A Flying Dog for the fast lane
Posted on 9/10/2011 (1352 days ago, 79 of 262 reviews
8/10 Appearance | 9/10 Aroma | 8/10 Mouthfeel | 9/10 Flavor
Imperial IPAs are one of those special breeds of beer that demand your attention from beginning to end. Much like a high end sports car on the Autobahn after a good rain, the minute you lose focus with one is the minute your experience with it can become a disaster. However, if you are respectful and attentive, it can be one of the most enjoyable things you have ever had the pleasure to partake in. Speaking personally, I have been on both sides of the Imperial IPA fence, and take my word for it, you want to be on the respectful side. That being said, let's all fasten our bar stool belts, and take the Centennial Single Hop Imperial IPA from Flying Dog Brewing for a spin.
Upon pouring it, you know you're in for an IPA experience that is reserved only for the daring. The look alone is enough to get you excited. A golden honey brown coloration with a bright white and fluffy head just sit there taunting you. The smell of those Centennial hops just reach out of the glass at you. They are both floral and full of citrus punch. The grapefruit aromas that you have come to expect from a good IPA are there, along with some nice pine notes, and even a few hints of pepper. The hops are what this nose is all about. There is a brief glimpse of some caramel in the malt department, but again the hops pretty much smother it out as soon as it is detected. Other than that, the only other notable smell was the alcohol. The Centennial IPA comes in at 10% ABV, and you have no problem finding proof of it.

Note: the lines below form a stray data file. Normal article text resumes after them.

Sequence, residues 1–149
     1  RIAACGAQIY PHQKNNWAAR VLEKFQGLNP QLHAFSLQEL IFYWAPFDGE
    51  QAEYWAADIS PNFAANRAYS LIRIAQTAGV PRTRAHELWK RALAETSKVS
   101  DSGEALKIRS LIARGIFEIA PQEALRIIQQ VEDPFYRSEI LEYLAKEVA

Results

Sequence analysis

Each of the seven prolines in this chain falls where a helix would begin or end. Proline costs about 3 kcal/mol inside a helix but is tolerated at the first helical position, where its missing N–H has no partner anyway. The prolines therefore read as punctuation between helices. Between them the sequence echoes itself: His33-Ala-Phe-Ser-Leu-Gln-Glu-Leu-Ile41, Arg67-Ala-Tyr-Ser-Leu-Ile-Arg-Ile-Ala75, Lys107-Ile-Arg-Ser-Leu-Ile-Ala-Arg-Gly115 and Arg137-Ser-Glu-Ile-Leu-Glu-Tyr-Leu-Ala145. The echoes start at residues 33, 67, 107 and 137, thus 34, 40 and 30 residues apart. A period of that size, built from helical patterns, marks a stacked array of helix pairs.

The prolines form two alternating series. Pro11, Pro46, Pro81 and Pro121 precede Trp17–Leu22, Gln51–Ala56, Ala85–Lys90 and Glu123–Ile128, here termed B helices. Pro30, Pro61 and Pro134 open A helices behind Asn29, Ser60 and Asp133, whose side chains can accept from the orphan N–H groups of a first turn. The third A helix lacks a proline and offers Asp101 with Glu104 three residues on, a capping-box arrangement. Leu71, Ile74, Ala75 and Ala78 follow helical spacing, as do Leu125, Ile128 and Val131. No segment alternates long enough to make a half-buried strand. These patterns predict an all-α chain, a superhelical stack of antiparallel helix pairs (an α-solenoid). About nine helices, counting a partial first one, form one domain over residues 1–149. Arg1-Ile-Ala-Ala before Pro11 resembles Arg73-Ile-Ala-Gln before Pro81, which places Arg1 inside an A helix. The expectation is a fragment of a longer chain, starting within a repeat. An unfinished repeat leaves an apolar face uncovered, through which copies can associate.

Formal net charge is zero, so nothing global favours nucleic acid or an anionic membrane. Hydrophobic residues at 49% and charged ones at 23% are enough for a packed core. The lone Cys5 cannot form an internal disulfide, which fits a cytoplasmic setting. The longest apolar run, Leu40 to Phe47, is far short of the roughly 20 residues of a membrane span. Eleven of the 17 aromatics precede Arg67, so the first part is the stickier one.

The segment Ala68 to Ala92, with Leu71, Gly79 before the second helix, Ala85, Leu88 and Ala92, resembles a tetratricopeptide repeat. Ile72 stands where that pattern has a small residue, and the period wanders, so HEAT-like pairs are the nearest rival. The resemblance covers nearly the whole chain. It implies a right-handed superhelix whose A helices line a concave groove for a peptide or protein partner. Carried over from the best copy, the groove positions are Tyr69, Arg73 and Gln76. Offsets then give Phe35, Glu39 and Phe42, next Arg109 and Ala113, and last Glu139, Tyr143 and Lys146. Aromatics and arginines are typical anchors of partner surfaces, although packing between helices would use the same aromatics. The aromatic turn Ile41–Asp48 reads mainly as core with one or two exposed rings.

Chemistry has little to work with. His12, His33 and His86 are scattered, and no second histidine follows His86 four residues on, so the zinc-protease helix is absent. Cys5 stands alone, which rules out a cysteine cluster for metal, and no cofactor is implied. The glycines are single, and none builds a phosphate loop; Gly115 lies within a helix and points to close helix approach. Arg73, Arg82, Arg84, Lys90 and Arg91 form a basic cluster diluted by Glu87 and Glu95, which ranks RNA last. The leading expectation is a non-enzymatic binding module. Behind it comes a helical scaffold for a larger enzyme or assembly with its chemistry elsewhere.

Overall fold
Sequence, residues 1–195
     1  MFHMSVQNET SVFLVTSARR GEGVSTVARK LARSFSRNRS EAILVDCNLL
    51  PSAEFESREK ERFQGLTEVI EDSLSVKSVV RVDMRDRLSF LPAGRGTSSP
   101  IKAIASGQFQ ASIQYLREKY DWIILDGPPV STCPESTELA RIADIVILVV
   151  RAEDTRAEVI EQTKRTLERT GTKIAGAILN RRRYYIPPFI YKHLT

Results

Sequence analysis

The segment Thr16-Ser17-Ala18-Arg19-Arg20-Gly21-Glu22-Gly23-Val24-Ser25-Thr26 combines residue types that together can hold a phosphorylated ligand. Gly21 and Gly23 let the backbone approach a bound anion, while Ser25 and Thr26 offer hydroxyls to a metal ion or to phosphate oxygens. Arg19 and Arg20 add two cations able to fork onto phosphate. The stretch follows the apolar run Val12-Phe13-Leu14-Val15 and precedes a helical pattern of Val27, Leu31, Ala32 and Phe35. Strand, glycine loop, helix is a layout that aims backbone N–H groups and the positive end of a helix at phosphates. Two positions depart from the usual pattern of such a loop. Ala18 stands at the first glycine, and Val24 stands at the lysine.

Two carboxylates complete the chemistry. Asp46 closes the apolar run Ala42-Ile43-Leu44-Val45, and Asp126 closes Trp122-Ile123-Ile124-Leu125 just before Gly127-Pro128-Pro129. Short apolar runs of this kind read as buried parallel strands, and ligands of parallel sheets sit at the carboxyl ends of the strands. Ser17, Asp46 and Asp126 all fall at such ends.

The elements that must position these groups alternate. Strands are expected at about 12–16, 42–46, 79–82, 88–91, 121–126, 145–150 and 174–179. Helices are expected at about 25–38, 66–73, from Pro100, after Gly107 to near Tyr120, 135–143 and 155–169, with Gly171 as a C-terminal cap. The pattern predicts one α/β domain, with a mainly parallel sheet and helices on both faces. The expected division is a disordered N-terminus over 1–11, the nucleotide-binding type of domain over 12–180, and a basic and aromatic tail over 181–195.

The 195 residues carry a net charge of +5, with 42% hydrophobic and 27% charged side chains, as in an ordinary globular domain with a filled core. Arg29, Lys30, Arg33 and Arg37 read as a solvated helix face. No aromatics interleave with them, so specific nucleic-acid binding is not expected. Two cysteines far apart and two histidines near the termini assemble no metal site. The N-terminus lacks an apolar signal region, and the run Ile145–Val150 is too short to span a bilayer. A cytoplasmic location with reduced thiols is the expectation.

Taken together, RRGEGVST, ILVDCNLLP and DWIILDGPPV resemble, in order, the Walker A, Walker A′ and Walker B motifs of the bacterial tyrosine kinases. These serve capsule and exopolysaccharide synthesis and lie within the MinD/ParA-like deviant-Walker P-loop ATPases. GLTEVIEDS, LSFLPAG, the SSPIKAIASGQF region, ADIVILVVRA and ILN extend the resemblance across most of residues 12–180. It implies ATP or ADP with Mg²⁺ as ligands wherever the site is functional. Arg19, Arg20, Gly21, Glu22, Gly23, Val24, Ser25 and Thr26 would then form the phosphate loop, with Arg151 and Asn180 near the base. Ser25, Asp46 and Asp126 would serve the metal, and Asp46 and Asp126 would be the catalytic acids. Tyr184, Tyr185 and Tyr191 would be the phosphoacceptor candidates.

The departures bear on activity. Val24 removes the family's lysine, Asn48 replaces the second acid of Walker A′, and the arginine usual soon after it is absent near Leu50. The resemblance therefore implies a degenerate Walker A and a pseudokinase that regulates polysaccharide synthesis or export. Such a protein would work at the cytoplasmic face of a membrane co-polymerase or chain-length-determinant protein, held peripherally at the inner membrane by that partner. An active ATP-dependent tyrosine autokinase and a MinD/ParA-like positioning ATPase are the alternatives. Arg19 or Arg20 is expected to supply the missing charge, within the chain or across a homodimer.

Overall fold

Flying Dog says right on the bottle that the Centennial hops are a triple threat, and they weren't kidding. Not only are they big in the aroma department, but they also shine with great flavors, and come through with a big hops bite of bitterness as well. If the nose didn't convince you that this one is a true Imperial IPA, the first taste will. Your tongue is almost overwhelmed as it has to take on the citrus punch from the big grapefruit flavor, while at the same time being blasted with hops bites galore. It really takes some concentrating to get past the initial onslaught, but once you do, you can pick out some light peach and mango notes, and even some of the pepper that was detected earlier. The malt is really muted, but if you look really hard you can taste it in a very faint caramel layer. The alcohol does make itself known, but more so in flavor rather than burn. This could simply be due to the hops bite being continual from start to finish. In any event, this one is quite the palate tester.
Flying Dog is known for making exceptional brews, and the Centennial Single Hop Imperial IPA is yet another example of their excellence. For the veteran drinkers out there, and more specifically the hop-heads, this one should be added to your list of ''must haves'' immediately. It is big, bold, and delicious. Now as much as it is a ''must have'' for the more experienced drinkers, the novices should steer completely clear of it. This beer is a palate wrecker as far as you are concerned. Your taste buds are not trained to take on this flavor bomb. You need to be far removed from your learner beer days before you take this one for a spin. So be patient and keep to the right. Leave this one for us fast lane drinkers.